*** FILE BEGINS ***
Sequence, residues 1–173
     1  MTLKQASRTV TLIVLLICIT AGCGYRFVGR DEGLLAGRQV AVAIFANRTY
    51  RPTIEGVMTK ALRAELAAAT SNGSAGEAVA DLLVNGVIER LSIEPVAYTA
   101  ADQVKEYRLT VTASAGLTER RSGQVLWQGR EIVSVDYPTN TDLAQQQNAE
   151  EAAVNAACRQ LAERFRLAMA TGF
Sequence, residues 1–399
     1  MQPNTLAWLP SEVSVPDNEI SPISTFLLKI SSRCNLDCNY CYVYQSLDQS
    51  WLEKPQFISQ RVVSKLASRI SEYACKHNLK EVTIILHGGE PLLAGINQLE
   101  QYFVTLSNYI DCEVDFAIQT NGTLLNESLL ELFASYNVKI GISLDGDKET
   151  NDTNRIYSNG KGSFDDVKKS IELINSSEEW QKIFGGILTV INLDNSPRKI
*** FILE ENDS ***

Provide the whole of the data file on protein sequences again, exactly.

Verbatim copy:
Sequence, residues 1–173
     1  MTLKQASRTV TLIVLLICIT AGCGYRFVGR DEGLLAGRQV AVAIFANRTY
    51  RPTIEGVMTK ALRAELAAAT SNGSAGEAVA DLLVNGVIER LSIEPVAYTA
   101  ADQVKEYRLT VTASAGLTER RSGQVLWQGR EIVSVDYPTN TDLAQQQNAE
   151  EAAVNAACRQ LAERFRLAMA TGF
Sequence, residues 1–399
     1  MQPNTLAWLP SEVSVPDNEI SPISTFLLKI SSRCNLDCNY CYVYQSLDQS
    51  WLEKPQFISQ RVVSKLASRI SEYACKHNLK EVTIILHGGE PLLAGINQLE
   101  QYFVTLSNYI DCEVDFAIQT NGTLLNESLL ELFASYNVKI GISLDGDKET
   151  NDTNRIYSNG KGSFDDVKKS IELINSSEEW QKIFGGILTV INLDNSPRKI